Citation: Igor V. Polyakov, Andrey V. Pnyushkov, and Leonid A. Timokhov, Journal of Climate 2012, doi: http://dx.doi.org/10.1175/JCLI-D-12-00266.1.
How clouds and precipitation affect North America summer temperature?
Abstract: “In North America (NA), trends in summer surface air temperatures vary on decadal time scales, and some regions have temperature trends that exhibit a lack of warming in 1982-2009. From a surface energy balance perspective, the summer mean daily maximum temperature change can be affected by changes in solar heating that is associated with cloud cover change, and changes in surface evaporative cooling due to different precipitation and land surface wetness, but little is known about regional cloud cover and precipitation feedbacks to decadal temperature trends. Changes in cloudiness and precipitation and their connections with summer mean daily maximum temperature variations in NA were investigated using observation-based products of temperature and precipitation and satellite-derived cloud cover and radiation products. Results show that summer mean daily maximum temperature variance is largely explained by changes in cloud cover and precipitation. Cloud cover effect dominates at the high and middle latitudes of NA and precipitation is a more dominant factor in the southern United States. The results indicate that cloud cover is either the major indicator of the summer mean daily maximum temperature changes (the effect) or the important local factor influencing the changes (the cause). Cloud cover is negatively correlated with mean daily maximum temperature variation in spring and autumn at the middle latitudes of NA, but not at the high latitudes.”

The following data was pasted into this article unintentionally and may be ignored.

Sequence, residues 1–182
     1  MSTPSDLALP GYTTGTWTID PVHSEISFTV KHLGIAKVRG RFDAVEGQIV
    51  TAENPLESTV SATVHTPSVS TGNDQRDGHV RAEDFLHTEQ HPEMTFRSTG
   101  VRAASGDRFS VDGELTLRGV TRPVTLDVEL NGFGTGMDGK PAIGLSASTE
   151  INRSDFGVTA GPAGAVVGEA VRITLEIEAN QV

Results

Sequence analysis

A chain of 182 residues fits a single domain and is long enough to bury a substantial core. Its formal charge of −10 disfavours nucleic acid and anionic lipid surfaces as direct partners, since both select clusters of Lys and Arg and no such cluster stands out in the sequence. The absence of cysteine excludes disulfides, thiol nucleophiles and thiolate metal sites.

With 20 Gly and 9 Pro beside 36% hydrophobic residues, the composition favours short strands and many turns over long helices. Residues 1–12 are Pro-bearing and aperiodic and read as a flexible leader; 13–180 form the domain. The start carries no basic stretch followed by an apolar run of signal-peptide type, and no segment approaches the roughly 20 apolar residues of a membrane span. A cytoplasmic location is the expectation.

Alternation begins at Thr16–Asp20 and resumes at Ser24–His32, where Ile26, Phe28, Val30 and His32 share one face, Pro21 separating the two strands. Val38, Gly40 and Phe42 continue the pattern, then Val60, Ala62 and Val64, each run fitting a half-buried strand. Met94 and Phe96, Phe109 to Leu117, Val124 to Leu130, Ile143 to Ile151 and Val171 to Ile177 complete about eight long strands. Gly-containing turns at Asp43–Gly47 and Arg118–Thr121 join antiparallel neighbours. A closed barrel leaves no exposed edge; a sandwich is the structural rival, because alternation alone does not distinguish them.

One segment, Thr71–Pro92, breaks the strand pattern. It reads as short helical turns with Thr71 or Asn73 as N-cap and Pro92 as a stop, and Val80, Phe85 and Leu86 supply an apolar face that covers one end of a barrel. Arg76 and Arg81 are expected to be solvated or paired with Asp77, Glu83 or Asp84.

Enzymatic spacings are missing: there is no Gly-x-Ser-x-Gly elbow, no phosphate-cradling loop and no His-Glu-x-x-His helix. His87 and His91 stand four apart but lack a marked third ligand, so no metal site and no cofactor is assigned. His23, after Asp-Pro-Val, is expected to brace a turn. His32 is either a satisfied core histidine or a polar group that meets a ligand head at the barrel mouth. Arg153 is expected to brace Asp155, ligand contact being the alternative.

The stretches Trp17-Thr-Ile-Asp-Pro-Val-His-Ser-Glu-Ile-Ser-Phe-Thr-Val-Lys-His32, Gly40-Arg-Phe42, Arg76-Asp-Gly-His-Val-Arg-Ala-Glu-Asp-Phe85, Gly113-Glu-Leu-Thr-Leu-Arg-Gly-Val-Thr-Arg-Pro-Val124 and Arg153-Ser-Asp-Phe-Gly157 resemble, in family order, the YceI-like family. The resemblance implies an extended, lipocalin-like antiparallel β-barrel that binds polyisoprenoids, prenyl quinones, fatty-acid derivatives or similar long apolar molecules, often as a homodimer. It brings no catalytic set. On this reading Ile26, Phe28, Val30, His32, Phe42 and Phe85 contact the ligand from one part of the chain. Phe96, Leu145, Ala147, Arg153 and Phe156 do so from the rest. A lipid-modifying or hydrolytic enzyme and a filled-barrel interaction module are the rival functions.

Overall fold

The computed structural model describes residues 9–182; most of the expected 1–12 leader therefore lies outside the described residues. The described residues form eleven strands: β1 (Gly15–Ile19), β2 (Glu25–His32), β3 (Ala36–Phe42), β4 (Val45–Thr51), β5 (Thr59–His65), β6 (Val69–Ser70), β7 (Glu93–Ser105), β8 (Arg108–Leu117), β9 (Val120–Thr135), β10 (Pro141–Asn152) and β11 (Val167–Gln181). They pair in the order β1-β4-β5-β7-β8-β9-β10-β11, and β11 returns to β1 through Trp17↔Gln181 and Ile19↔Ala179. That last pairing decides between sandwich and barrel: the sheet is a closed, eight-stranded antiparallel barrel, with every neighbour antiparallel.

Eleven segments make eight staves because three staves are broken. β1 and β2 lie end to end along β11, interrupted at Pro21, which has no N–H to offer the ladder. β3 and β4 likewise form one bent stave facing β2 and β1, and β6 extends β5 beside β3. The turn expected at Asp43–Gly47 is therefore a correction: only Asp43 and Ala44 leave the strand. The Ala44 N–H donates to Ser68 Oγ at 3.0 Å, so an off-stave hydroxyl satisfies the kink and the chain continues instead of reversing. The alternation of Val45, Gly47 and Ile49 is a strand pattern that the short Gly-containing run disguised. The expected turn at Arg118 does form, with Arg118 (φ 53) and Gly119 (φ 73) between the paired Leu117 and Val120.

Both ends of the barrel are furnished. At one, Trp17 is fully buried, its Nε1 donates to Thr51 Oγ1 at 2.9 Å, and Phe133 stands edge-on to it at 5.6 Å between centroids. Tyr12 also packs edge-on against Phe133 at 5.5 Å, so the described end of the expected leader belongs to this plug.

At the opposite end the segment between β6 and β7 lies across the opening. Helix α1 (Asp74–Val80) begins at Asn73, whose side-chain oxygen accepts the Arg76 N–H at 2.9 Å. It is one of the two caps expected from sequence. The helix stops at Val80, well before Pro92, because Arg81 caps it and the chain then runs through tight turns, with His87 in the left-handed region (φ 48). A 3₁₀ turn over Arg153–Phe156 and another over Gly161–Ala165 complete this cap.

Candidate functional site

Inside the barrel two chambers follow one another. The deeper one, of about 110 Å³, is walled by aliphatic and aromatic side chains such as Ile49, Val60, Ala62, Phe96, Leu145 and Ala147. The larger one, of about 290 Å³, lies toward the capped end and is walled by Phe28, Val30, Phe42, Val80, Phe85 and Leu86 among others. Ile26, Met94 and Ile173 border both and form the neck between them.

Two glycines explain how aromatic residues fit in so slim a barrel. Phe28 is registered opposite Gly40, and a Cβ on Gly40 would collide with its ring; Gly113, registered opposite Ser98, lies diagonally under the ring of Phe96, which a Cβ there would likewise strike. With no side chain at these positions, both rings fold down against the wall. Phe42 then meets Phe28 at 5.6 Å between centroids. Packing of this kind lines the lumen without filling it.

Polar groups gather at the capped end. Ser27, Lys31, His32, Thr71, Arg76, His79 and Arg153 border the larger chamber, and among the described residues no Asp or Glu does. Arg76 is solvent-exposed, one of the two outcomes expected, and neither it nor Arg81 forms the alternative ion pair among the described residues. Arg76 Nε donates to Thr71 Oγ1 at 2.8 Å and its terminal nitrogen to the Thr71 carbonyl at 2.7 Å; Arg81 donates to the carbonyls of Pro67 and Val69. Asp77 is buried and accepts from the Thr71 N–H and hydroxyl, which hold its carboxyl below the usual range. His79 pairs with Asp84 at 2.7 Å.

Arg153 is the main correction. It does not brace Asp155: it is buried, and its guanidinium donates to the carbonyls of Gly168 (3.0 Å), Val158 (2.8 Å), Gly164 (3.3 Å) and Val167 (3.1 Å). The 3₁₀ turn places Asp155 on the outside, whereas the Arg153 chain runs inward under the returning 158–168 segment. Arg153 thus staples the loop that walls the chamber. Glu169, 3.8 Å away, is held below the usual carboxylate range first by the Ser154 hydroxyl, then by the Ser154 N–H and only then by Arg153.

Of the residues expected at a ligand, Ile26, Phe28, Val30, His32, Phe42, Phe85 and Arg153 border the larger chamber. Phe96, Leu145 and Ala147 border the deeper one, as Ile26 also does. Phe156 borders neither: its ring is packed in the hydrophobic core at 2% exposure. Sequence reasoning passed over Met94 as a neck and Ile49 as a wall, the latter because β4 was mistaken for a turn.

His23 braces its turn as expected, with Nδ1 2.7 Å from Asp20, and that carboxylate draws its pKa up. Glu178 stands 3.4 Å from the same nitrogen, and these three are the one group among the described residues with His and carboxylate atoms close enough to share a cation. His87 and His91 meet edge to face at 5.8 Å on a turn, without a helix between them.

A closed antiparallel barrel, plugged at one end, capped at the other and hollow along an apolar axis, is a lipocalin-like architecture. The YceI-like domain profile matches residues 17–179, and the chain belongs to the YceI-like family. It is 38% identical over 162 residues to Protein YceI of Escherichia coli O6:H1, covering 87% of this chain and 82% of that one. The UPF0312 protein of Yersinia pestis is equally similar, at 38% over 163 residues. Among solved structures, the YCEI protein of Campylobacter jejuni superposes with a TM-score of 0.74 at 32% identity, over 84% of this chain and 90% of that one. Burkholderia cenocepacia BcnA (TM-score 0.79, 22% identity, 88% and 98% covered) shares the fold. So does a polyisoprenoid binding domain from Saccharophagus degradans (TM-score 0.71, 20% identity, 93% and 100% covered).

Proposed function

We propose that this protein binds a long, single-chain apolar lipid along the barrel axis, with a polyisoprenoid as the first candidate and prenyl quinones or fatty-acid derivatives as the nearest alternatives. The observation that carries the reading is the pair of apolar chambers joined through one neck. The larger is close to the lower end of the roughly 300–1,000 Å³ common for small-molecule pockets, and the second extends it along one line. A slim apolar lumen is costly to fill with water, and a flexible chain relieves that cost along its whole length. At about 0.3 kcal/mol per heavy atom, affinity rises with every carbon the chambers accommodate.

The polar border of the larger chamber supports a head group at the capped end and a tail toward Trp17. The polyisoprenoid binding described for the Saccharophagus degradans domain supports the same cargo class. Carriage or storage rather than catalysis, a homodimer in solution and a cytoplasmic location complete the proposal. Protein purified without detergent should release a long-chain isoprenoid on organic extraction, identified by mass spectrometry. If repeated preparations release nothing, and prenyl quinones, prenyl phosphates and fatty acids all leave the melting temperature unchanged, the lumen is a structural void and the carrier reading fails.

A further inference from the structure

Citation: Qiuhong Tang, Guoyong Leng, Journal of Climate 2012, doi: http://dx.doi.org/10.1175/JCLI-D-12-00225.1.
Some other studies from last week
CLASSIC OF THE WEEK: Langley & Abbot (1900)
Abstract: No abstract. Among other things, gives historical view on solar spectrum research.
Citation: Langley, S., Abbot, C., Annals of the Astrophysical Observatory of the Smithsonian Institution, vol. 1, pp.7-21.
When each paper is published, it is notified in AGW Observer Facebook page and Twitter page. Here’s the archive for the research papers of previous weeks. If this sort of thing interests you, be sure to check out A Few Things Illconsidered. They also have a weekly posting containing lots of links to new research and other climate related news.